13 Jul The Effect of Student Housing Conditions on Academic Performance
There is a general notion that students who live in decent housing units within or around their university have a better chance of exceling academically. So much so that a lot of tertiary institutions in and outside Nigeria make it compulsory for first year and final year students to live on campus.
Academic performance here is defined as the level to which a student has achieved their educational goals. A lot of educators believe that there should be close proximity between a student’s living and learning environment in order to produce all-rounders that are socially integrated and mentally sound. However, the lack of decent housing for students within and outside campus means that a lot of these students are left to their devices and have to settle for whatever is available. The population of students admitted into Nigerian universities has seen a significant increase over the years. A case in point is UNILAG with a student population of 58,000 but has only 8000 bed spaces available. So, you passed the first major hurdle of gaining admission into one of the top tertiary institutions in Nigeria, but you now have to worry about where you will reside. This undue pressure is not a great start to the semester and students may end up struggling to keep up with their school work whilst looking for adequate accommodation. The appropriate authorities have done very little to curb this issue and students end up paying a high price for this. It is widely believed that availability of decent housing units significantly reduces the risks of students dropping out and are more capable of achieving high level of academic performance.
Potential students in Unilag writing a post-UTME exam. Photo Credit: Pulse.ng
Despite this common perception, it is difficult to categorically attribute a student’s bad academic performance to his housing situation due to various reasons such as his socio-economic status — it could however, to a large extent contribute to it.
What is Bad Housing?
Housing is a basic need and fundamental human right of every individual. In Nigeria, the struggle to get decent housing at a reasonable cost is a constant issue faced by the citizens and the same can be said for students.
Some of the factors that influence the choice of a student’s accommodation are adequate security, availability of electricity and clean water, toilet facilities and a peaceful environment, proximity to campus and the fees. Whilst some students prefer off campus accommodation due to privacy and better facilities albeit at a costly price, others prefer a cheaper, housing on campus that is close to their lecture halls.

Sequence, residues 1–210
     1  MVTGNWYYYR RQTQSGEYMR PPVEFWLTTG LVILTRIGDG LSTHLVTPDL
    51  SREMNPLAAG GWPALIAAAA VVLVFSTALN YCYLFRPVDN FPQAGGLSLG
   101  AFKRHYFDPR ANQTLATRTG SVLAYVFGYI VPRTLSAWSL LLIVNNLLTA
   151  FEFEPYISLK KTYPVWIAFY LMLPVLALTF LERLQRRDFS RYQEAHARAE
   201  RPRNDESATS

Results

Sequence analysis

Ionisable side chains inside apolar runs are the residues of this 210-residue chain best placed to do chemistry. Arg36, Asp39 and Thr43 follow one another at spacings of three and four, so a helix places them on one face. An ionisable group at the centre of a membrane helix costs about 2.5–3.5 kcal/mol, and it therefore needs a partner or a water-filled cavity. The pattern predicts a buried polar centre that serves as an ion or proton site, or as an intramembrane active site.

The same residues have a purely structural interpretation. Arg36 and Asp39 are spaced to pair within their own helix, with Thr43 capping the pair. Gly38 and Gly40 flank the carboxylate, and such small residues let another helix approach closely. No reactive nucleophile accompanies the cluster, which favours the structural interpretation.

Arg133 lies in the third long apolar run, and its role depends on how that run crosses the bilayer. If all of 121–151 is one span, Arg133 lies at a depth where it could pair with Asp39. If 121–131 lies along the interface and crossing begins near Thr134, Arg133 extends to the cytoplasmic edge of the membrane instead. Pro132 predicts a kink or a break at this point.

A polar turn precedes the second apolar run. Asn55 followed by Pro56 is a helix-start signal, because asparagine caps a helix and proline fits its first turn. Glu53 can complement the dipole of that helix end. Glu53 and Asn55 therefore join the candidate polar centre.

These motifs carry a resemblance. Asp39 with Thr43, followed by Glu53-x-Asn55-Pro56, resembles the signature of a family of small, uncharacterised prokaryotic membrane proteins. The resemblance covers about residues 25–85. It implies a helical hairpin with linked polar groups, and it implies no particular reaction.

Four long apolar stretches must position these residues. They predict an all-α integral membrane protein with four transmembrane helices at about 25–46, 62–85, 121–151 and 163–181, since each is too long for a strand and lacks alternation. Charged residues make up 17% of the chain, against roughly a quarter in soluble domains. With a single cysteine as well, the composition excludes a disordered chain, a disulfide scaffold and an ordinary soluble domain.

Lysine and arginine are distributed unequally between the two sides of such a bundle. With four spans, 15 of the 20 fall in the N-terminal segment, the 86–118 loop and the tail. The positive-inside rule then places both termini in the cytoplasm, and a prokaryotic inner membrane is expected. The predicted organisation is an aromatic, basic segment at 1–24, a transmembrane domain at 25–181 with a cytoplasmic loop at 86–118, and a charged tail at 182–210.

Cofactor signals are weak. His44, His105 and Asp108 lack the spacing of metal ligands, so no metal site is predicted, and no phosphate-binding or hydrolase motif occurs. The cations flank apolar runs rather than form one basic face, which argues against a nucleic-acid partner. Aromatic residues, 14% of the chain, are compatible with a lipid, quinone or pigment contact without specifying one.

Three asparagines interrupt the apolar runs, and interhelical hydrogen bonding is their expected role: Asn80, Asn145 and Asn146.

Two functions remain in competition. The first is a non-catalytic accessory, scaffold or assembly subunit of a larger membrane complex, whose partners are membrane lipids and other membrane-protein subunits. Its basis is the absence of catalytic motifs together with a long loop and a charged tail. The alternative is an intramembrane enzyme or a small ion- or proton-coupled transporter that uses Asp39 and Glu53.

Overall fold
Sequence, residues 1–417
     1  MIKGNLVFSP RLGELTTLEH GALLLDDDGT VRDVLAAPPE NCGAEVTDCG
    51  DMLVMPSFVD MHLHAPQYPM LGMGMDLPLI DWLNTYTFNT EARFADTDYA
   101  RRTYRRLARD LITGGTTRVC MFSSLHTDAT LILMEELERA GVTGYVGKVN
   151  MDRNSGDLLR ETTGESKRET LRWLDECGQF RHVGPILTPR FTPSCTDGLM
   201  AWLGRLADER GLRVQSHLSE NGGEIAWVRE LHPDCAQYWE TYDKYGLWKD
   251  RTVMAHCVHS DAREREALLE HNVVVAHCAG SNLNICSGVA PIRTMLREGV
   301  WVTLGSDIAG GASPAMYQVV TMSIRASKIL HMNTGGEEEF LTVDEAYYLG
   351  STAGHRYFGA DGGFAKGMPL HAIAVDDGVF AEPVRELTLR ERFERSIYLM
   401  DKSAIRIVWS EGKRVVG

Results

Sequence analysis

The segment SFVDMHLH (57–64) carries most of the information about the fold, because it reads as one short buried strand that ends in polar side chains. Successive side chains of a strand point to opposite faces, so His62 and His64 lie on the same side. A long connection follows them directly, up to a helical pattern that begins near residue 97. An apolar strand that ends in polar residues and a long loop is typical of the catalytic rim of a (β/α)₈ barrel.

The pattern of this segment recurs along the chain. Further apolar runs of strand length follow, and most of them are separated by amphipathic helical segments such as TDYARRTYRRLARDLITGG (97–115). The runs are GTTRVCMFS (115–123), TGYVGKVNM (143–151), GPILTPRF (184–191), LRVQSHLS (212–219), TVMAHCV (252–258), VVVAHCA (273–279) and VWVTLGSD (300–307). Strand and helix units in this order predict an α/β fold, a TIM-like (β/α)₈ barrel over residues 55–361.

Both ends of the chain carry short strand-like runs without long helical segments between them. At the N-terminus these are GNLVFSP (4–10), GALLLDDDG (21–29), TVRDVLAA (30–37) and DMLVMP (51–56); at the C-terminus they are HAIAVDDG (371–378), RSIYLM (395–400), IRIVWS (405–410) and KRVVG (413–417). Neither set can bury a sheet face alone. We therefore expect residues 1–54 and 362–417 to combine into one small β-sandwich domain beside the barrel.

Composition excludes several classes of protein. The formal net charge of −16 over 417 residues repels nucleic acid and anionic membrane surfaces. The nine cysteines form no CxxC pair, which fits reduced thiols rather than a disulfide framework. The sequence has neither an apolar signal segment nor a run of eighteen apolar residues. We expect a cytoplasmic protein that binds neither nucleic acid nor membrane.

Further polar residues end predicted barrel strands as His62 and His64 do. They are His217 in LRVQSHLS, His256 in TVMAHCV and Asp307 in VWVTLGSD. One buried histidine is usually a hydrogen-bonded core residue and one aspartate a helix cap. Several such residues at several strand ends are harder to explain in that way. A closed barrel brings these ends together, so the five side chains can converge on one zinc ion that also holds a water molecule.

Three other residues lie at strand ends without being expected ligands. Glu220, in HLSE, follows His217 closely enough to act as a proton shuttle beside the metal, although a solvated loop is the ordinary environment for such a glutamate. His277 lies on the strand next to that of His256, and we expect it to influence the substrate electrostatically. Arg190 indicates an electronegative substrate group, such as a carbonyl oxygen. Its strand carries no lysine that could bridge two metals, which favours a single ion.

Bad housing covers a wide range of issues including:
- Poor Physical Condition
- Inadequate security
- Poor Facilities
An example of bad housing condition for students… Photo Credit: Nairaland.
Whilst this is a simple definition, it does not give the full picture. The World Health Organisation (1989) provided recommendations that housing should be situated in a setting which has adequate commercial, social, religious, educational, welfare and health facilities. Residents who are not able to fully utilise these resources will experience a great deal of stress. The same could be said for a student who lives in poor housing, having to share facilities such as bathrooms and kitchens, will have little privacy and the inability to function properly in such an environment. Poor housing, as an immediate environmental stressor, therefore plays a central role in the psychological well-being of residents (Page, 2002). Below are the results of surveys carried out in 3 top tertiary institutions in Nigeria on the condition of student housing facilities.
– A survey carried out on the state of the basic infrastructure (water supply, refuse disposal and building condition) in Obafemi Awolowo University, Ile-ife shows that the university’s student hostels has more than average number of the total facilities in deteriorating conditions. (Department of Urban and Regional Planning, Lagos)
– An assessment on the condition of student hostels in UNILAG shows that more than average number of the total facilities are in bad condition — 27% as good facilities, 52.5% as poor facilities and 20.5% as fairly good facilities. (Department of Urban and Regional Planning, UNILAG)
– An assessment on housing facilities in The Polytechnic, Ibadan showed that 66.7% of the facilities provided were inadequate whilst 33.3% were adequate. (Department of Urban and Regional Planning, Bells University)
Three components that are detrimental to a student’s health are overcrowding, dampness/moulds and poor sanitation. Maslow (1943) stated that learning is secondary to bodily needs and any attempt towards learning requires psychological and physical satisfaction.
Not having adequate security is also a major issue that affects a student’s academic performance because they end up living in constant fear of danger/theft of properties and are not fully able to concentrate in their lectures or stay up at night to study.